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config PM
bool "Power Management support"
depends on !IA64_HP_SIM
"Power Management" means that parts of your computer are shut
off or put into a power conserving "sleep" mode if they are not
being used. There are two competing standards for doing this: APM
and ACPI. If you want to use either one, say Y here and then also
to the requisite support below.
Power Management is most important for battery powered laptop
computers; if you have a laptop, check out the Linux Laptop home
page on the WWW at <> or
Tuxmobil - Linux on Mobile Computers at <>
and the Battery Powered Linux mini-HOWTO, available from
Note that, even if you say N here, Linux on the x86 architecture
will issue the hlt instruction if nothing is to be done, thereby
sending the processor to sleep and saving power.
config PM_LEGACY
bool "Legacy Power Management API (DEPRECATED)"
depends on PM
default n
Support for pm_register() and friends. This old API is obsoleted
by the driver model.
If unsure, say N.
config PM_DEBUG
bool "Power Management Debug Support"
depends on PM
This option enables various debugging support in the Power Management
code. This is helpful when debugging and reporting PM bugs, like
suspend support.
bool "Verbose Power Management debugging"
depends on PM_DEBUG
default n
This option enables verbose messages from the Power Management code.
bool "Keep console(s) enabled during suspend/resume (DANGEROUS)"
depends on PM_DEBUG && PM_SLEEP
default n
This option turns off the console suspend mechanism that prevents
debug messages from reaching the console during the suspend/resume
operations. This may be helpful when debugging device drivers'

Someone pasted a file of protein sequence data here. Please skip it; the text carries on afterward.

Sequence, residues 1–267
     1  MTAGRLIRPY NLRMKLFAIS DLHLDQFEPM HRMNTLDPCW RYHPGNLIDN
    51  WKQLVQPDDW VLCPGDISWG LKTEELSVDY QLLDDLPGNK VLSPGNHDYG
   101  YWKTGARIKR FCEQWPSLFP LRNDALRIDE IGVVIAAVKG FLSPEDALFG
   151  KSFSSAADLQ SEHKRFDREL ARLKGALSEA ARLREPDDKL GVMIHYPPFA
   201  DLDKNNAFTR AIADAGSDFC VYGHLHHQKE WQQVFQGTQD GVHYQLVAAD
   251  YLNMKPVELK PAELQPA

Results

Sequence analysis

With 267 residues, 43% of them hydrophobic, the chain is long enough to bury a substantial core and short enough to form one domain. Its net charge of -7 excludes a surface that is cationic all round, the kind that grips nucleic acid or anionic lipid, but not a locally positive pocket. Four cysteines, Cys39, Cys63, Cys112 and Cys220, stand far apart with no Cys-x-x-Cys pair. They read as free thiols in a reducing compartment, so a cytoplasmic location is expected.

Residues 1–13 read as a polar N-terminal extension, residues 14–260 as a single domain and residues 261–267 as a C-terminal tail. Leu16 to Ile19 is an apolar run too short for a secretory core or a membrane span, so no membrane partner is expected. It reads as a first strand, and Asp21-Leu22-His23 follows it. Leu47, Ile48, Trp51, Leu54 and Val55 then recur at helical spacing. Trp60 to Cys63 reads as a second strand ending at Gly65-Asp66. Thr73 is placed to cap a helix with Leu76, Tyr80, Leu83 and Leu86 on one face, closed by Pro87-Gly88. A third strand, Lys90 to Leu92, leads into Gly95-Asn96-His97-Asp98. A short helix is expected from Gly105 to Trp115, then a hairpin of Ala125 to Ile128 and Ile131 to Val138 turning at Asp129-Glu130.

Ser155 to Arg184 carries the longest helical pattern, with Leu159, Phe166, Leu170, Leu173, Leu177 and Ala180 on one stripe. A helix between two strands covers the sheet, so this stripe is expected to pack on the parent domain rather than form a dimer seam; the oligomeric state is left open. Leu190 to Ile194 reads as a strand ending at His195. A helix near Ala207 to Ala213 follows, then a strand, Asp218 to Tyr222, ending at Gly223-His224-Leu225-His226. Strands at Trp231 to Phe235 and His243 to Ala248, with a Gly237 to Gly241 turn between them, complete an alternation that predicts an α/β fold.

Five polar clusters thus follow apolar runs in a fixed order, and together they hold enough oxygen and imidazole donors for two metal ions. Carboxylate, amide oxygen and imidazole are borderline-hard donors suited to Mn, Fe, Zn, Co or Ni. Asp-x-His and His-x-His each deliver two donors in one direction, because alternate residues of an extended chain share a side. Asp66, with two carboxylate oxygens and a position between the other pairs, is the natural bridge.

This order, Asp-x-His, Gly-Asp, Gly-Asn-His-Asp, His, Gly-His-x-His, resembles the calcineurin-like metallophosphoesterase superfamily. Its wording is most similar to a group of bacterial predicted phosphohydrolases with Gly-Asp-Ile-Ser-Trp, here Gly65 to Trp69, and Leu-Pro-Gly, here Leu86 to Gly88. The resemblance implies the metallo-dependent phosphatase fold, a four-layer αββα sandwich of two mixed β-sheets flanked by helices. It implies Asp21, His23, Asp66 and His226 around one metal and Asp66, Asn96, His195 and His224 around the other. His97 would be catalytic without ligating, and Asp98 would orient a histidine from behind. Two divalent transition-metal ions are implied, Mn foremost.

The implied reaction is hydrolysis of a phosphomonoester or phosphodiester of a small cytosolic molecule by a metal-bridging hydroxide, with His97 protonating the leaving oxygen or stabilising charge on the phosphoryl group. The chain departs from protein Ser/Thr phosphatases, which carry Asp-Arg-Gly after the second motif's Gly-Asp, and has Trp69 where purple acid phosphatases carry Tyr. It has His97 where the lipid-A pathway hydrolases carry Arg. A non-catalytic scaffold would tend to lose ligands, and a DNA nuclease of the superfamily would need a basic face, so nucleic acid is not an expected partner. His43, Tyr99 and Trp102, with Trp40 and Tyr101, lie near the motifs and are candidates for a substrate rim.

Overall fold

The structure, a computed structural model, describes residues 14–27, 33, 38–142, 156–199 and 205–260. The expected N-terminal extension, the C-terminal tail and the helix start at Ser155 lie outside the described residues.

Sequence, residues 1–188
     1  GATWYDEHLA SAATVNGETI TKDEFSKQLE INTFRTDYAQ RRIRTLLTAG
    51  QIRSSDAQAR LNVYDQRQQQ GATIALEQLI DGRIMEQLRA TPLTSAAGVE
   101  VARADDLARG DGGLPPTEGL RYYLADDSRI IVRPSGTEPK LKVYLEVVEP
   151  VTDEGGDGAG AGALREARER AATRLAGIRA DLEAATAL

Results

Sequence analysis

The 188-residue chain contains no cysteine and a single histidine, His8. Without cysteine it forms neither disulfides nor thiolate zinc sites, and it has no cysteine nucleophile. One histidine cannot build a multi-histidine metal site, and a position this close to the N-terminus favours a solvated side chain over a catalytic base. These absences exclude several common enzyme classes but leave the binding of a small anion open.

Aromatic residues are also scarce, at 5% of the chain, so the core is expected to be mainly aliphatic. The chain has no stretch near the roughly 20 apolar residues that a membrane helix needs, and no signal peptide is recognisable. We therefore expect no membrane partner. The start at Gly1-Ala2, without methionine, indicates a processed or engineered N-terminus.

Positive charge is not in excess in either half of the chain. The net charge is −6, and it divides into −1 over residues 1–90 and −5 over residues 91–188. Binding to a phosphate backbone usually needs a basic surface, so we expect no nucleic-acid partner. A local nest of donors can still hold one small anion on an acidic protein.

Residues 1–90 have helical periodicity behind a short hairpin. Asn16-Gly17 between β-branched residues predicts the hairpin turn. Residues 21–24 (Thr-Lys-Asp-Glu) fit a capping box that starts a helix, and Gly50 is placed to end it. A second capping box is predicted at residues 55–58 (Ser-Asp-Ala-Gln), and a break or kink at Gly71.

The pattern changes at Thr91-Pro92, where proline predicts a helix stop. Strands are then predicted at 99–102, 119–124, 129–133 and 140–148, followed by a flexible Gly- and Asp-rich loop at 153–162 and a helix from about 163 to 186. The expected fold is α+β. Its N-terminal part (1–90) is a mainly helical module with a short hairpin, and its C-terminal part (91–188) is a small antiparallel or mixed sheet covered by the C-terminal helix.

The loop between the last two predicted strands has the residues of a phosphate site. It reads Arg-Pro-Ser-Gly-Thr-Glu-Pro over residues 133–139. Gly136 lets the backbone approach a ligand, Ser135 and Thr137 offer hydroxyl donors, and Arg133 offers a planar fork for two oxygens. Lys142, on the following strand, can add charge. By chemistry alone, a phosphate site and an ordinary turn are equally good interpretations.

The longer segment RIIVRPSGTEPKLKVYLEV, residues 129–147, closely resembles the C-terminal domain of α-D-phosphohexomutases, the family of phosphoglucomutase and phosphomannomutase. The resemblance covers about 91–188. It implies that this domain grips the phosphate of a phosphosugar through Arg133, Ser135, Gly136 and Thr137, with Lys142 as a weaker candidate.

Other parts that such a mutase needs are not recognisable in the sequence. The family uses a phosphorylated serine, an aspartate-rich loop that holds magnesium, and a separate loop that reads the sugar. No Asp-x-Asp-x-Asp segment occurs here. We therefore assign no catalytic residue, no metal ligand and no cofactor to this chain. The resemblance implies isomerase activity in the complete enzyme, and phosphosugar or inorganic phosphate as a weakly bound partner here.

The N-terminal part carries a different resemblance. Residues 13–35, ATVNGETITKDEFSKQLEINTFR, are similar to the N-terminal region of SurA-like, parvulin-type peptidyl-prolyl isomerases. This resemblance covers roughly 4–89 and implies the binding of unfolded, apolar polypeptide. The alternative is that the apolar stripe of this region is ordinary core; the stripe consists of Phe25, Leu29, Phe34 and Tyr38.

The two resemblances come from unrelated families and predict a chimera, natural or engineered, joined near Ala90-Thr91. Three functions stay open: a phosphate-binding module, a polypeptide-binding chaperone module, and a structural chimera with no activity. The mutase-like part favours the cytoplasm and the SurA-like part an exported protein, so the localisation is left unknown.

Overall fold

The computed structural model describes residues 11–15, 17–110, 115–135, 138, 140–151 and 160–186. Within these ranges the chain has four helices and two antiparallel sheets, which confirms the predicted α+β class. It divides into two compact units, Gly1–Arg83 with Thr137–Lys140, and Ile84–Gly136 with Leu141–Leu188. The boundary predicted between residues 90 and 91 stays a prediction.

suspend/resume routines, but may itself lead to problems, for example
if netconsole is used.
config PM_TRACE
bool "Suspend/resume event tracing"
depends on PM_DEBUG && X86 && PM_SLEEP && EXPERIMENTAL
default n
This enables some cheesy code to save the last PM event point in the
RTC across reboots, so that you can debug a machine that just hangs
during suspend (or more commonly, during resume).
To use this debugging feature you should attempt to suspend the machine,
then reboot it, then run
dmesg -s 1000000 | grep 'hash matches'
CAUTION: this option will cause your machine's real-time clock to be
set to an invalid time after a resume.
depends on (X86 && !X86_VOYAGER) || (PPC64 && (PPC_PSERIES || PPC_PMAC))
depends on SMP
default y
default y
config PM_SLEEP
default y
config SUSPEND
bool "Suspend to RAM and standby"
depends on PM
default y
Allow the system to enter sleep states in which main memory is
powered and thus its contents are preserved, such as the
suspend-to-RAM state (i.e. the ACPI S3 state).
bool "Hibernation (aka 'suspend to disk')"
depends on PM && SWAP
depends on ((X86 || PPC64_SWSUSP || FRV || PPC32) && !SMP) || SUSPEND_SMP_POSSIBLE
Enable the suspend to disk (STD) functionality, which is usually
called "hibernation" in user interfaces. STD checkpoints the
system and powers it off; and restores that checkpoint on reboot.